Light receptor cells, like most animal cells, have a nucleus, cytoplasm and cell membrane.

Sound receptors in the ears that are sensitive to sound vibrations in the air

There are also balance receptors in the ears that are sensitive to changes in position and enable us to keep our balance.

The receptors on the tongue are sensitive to chemicals and enable us to taste, and therefore detect, a wide variety of different foods (bitter, salty, sour, sweet chemical stimuli etc.) or anything else in contact with the tongue - good or bad!

The receptors in the nose are also sensitive to chemicals and enable us to smell all sorts of different things which may be a pleasant or unpleasant experience.

The receptors in the skin that are sensitive to touch, pressure, pain and to temperature changes.


The central nervous system (CNS)

Information in the form of an electrical signal, from receptors, passes along cells in nerves (neurones) to the brain through the central nervous system (spinal cord ==> brain)  and ...

... the brain then coordinates the response,

... reflex actions are automatic and rapid,

... and often involve sensory, relay and motor neurones.

The 'components' of the nervous system

As mentioned already, the CNS of vertebrates consists of the brain and spinal cord only.

The CNS is then connected to the body by sensory neurones and motor neurones.

The structure and function of different parts of the nervous system are described below.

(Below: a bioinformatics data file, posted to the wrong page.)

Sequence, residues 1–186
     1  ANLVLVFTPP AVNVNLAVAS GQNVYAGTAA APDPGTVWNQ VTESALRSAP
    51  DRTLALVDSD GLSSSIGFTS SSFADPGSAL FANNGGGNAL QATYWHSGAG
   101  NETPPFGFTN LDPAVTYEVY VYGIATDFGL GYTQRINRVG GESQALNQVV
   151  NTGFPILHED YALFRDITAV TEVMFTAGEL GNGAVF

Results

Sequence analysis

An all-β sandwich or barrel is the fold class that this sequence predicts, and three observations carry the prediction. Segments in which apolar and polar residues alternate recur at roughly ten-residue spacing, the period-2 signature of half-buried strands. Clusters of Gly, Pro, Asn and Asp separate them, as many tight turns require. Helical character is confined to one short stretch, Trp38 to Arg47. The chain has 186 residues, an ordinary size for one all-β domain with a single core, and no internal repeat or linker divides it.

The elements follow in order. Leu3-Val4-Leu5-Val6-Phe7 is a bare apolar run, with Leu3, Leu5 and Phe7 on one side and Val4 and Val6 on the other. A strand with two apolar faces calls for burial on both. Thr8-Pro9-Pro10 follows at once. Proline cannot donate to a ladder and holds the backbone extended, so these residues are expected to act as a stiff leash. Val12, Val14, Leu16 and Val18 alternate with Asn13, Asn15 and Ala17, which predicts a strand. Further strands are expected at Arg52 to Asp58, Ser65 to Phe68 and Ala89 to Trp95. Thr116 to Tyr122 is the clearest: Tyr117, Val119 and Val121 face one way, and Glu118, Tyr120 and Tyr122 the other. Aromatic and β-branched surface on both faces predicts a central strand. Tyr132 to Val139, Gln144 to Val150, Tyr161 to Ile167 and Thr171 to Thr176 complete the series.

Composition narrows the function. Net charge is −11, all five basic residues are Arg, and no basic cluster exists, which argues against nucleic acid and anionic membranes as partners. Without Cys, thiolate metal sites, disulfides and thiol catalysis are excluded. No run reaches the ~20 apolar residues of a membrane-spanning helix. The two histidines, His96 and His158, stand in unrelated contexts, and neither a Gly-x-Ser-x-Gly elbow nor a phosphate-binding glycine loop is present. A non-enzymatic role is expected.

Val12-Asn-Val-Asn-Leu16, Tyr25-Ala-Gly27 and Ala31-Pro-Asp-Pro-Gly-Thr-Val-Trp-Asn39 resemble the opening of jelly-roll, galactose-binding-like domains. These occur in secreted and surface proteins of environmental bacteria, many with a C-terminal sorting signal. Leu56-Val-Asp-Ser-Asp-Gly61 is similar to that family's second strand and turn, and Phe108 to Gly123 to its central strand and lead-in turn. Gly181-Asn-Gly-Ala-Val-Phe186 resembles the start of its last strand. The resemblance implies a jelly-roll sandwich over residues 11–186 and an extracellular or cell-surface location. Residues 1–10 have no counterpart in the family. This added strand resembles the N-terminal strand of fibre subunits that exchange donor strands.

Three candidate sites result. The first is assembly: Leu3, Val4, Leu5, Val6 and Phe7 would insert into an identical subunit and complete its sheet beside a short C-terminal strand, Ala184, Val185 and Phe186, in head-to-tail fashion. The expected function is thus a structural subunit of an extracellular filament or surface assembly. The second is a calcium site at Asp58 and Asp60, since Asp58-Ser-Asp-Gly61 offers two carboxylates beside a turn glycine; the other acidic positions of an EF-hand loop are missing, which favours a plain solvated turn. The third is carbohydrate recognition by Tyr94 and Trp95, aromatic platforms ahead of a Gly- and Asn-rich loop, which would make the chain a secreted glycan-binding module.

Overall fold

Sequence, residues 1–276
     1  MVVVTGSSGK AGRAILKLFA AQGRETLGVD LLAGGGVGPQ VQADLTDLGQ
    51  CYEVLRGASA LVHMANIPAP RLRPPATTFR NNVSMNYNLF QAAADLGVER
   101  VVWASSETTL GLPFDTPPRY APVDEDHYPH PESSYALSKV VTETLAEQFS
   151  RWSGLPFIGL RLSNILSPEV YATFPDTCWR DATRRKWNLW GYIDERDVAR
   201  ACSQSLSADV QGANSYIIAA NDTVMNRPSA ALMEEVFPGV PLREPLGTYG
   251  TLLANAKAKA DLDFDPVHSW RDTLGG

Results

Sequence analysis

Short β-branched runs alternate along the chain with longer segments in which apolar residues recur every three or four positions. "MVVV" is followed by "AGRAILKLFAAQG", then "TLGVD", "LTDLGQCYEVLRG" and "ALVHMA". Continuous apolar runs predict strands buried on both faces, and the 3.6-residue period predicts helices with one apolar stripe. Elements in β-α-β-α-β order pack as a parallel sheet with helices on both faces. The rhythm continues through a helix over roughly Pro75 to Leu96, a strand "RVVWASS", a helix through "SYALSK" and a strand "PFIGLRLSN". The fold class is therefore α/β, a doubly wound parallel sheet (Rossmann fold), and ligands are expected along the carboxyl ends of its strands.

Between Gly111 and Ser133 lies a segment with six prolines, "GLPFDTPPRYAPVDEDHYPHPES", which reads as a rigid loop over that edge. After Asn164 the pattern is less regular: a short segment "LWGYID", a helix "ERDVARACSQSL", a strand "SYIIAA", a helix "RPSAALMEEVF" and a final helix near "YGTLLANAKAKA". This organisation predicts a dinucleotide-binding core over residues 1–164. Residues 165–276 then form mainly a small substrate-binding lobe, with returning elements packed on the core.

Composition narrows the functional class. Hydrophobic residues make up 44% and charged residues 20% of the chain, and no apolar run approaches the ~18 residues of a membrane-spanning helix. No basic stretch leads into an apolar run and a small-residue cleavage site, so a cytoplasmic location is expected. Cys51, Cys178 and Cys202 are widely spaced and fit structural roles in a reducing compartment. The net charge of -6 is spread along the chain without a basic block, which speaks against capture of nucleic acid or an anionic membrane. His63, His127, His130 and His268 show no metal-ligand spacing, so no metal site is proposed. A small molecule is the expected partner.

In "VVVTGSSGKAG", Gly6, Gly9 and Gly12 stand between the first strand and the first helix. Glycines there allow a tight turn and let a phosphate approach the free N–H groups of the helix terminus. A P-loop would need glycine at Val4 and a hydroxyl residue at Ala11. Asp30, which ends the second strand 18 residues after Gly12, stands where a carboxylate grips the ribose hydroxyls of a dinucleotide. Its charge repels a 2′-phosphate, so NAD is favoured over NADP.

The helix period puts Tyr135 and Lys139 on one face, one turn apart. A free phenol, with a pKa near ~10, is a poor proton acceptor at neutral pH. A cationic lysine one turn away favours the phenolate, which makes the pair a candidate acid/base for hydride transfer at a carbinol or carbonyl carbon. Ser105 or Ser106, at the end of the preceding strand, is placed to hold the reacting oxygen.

Nerve cells are called neurons/neurones, elongated cells that carry electrical signals or impulses all around the body.

The diagram on the right shows the basic structure of a nerve cell or neurone.

The axon is covered in a protective electrically insulating myelin sheath (not shown here, but see other cell diagrams below).

Some general points about nerve cell structure:

(i) All neurons, like most other cells, have a cell body with a nucleus in a membrane surrounded cytoplasm and other subcellular structures. The cell body has extensions called dendrites/dendrons that connect to other neurones and carry the electrical impulses of the nerve signals.

(ii) Dendrites (dendrons) are branched protoplasmic extensions of a nerve cell that propagate the electrochemical stimulation received from other neural cells to the cell body, or soma, of the neuron from which the dendrites project.

(iii) An axon (nerve fibre), is a long, slender projection of a nerve cell (neuron), in vertebrates, that typically conducts electrical impulses known as action potentials away from the nerve cell body.